The World Bank pioneered global HIV and AIDS financing early in the emergency and remains committed to achieving Millennium Development Goal 6, to halt by 2015 and begin to reverse the spread of HIV and AIDS, through prevention, care, treatment, and mitigation services for those affected by HIV and AIDS.
Read More »
New Studies Show Potential Impact of Programs for Sex Workers, People Who Inject Drugs, and Men Who Have Sex with MenWASHINGTON, November 28, 2012 – As the world prepares to commemorate World AIDS Day... Show More + on December 1, two new World Bank studies urge governments and their development partners to provide better prevention, care, and treatment services for sex workers and people who inject drugs as an important step toward ensuring a world free of AIDS.The studies are the second and third in a three-part series on key populations at higher risk in low- and middle-income countries. In June 2011, the World Bank and partners launched the first study, which focused on men who have sex with men.“In many countries, sex workers, people who inject drugs, and men who have sex with men remain marginalized in society and vulnerable to HIV,” said David Wilson, World Bank Global AIDS Program Director. “Even in countries with epidemics in the general population, these groups are disproportionately affect Show Less -
Analysis Shows Future Treatment Costs May Be Heaviest in Southern Africa and UgandaWASHINGTON, March 14, 2012 – With much of the global economy facing slowing growth and uncertain prospects, especially... Show More + in developed countries, a new World Bank report urges African governments and their development aid donors to do significantly more to prevent new HIV infections. Without a dramatic reduction in infections the World Bank says that existing national treatment programs for people living with HIV/AIDS could become unsustainable over the coming years. After decades of relentless expansion, during which HIV/AIDS claimed the lives of more than 30 million people worldwide and infected more than 60 million, HIV prevalence rates are stabilizing globally and in Africa. More than 6 million people are now on life-saving treatment worldwide, and global financing for HIV/AIDS has substantially increased, rising from US$260 million in 1996 to US$15.9 billion by 2009. However, the report war Show Less -
WASHINGTON, June 8, 2011 – On the eve of a UN summit to renew global efforts to reverse the HIV/AIDS pandemic, 30 years after the first discovery of the HIV virus, a new World Bank study urges governments... Show More + and their development donors to provide better HIV prevention, care, and treatment services for men who have sex with men (MSM) as an essential step toward reversing the global epidemic. More than 25 million people have died of HIV/AIDS since the virus was first clinically identified in 1981.Written in close partnership with the United Nations Development Programme (UNDP) and the Johns Hopkins Bloomberg School of Public Health, the new study―Global HIV Epidemics Among Men Who Have Sex with Men (MSM): Epidemiology, Prevention, Access to Care and Human Rights―provides the first comprehensive economic analysis of evidence that MSM are at significantly higher risk for HIV infection than other groups in many low- and middle-income countries, where fewer than 1 in 10 MSM worldwide have acce Show Less -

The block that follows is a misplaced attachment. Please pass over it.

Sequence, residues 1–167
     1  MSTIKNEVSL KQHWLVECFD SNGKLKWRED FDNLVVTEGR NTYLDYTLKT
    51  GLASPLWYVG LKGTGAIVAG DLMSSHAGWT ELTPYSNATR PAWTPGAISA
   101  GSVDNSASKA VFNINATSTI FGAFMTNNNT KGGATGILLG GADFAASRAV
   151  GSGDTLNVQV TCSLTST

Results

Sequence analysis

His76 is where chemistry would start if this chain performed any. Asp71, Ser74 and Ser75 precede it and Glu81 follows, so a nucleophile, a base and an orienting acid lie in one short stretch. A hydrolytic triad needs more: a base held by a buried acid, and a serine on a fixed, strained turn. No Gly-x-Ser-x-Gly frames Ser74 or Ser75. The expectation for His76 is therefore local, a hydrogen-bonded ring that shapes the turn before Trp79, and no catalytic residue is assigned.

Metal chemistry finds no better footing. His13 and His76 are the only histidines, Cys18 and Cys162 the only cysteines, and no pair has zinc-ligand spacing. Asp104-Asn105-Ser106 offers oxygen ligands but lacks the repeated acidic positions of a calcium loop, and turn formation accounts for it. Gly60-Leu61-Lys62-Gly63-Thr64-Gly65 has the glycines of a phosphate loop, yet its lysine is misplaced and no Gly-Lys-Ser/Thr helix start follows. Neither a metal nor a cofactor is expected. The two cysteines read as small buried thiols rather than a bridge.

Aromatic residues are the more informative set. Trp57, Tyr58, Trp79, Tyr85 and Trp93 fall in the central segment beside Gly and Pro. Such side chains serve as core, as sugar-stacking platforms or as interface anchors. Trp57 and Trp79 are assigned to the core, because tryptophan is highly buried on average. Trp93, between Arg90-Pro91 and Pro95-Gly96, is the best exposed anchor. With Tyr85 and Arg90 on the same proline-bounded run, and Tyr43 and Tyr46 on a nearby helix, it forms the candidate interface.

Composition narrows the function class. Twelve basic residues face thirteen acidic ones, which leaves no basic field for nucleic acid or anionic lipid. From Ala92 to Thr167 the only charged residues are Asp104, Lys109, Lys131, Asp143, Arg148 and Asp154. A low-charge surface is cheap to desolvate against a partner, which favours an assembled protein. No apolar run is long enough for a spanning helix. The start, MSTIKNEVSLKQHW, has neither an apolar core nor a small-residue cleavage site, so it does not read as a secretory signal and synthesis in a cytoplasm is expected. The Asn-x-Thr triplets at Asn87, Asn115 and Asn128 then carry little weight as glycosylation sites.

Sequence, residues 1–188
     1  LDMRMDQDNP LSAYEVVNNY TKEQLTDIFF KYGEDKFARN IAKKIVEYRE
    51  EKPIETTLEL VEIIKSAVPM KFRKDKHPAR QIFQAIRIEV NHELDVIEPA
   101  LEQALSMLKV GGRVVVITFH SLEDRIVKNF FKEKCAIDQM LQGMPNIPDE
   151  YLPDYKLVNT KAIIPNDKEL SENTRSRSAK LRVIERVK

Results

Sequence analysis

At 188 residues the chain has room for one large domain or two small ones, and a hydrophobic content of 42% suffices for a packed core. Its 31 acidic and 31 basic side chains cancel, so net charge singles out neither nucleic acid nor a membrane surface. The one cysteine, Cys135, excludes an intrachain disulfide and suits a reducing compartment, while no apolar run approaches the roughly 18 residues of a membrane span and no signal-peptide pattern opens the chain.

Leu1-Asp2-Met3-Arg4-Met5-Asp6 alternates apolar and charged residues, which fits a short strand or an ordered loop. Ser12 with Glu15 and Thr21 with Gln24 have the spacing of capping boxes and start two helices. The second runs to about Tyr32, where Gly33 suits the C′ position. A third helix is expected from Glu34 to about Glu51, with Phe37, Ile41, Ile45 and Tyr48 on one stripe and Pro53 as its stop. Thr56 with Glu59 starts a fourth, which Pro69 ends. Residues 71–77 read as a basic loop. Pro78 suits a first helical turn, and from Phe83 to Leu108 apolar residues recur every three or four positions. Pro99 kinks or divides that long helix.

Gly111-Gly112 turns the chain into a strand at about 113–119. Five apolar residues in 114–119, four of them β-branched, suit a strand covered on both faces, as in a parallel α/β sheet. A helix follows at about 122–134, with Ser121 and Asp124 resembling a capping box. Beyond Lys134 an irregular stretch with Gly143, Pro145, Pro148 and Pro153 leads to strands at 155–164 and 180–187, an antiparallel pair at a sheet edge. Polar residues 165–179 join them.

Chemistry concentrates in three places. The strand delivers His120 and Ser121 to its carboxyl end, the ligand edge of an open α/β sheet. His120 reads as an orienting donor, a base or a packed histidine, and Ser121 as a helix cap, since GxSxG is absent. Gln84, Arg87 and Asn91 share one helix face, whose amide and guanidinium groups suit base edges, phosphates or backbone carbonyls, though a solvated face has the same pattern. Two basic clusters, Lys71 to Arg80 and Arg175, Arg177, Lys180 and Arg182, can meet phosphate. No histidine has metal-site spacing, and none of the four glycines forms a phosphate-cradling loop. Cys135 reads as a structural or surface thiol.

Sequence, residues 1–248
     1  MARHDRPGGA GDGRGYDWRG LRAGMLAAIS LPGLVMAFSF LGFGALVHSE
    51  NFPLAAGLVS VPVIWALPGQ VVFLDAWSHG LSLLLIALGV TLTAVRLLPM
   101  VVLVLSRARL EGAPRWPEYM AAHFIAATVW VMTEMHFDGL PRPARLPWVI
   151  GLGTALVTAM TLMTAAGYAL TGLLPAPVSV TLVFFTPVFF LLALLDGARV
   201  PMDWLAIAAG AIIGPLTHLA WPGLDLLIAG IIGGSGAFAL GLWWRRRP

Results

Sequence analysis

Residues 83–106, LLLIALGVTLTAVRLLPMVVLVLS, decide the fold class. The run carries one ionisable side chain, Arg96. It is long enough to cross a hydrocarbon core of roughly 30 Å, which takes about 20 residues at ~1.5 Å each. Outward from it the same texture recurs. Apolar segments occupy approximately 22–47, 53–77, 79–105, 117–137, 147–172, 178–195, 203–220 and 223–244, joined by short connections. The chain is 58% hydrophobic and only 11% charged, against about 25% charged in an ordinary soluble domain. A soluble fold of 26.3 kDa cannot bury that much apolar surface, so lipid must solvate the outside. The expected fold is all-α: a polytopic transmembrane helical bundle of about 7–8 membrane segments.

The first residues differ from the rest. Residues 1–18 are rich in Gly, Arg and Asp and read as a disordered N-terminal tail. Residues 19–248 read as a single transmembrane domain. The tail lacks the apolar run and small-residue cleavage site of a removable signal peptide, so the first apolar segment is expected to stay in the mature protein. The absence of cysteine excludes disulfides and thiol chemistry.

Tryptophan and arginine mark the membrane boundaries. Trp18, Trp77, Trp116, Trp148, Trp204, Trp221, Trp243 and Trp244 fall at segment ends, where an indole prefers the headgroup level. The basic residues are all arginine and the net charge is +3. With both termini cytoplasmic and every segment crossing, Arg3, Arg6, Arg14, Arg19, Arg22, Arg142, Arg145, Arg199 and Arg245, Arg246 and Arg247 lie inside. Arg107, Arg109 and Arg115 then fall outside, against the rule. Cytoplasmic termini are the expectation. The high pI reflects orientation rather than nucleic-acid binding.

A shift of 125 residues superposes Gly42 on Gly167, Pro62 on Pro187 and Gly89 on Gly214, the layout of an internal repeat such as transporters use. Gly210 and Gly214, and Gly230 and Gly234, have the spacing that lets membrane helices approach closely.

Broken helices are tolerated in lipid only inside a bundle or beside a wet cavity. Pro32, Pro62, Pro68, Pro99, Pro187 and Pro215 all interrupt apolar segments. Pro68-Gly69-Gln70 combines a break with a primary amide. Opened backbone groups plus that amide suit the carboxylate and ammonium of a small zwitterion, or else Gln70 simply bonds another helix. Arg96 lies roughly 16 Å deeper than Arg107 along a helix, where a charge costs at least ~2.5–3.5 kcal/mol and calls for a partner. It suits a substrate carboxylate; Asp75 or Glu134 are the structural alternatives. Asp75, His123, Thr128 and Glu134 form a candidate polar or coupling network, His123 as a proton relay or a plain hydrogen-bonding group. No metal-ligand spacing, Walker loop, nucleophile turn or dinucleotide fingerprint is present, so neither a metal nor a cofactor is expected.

IDA CREDIT: US$5 millionTERMS:Grace Period=10 years; Maturity=40 years.PROJECT DESCRIPTION: The main objective of the project is to provide additional funding for the ongoing HIV/AIDS project in Cape Verde.... Show More + The original HIV/AIDS project approved in March 2002 aims to support the government’s national HIV/AIDS strategy to reduce the spread of HIV infection in the country. It also aims to strengthen national capacity to respond to the epidemic and to mitigate health and socio-economic impacts at the individual, household, and community levels. The proposed additional financing will help scale up key interventions and identify ways to ensure the sustainability of current efforts in the fight against HIV/AIDS. Show Less -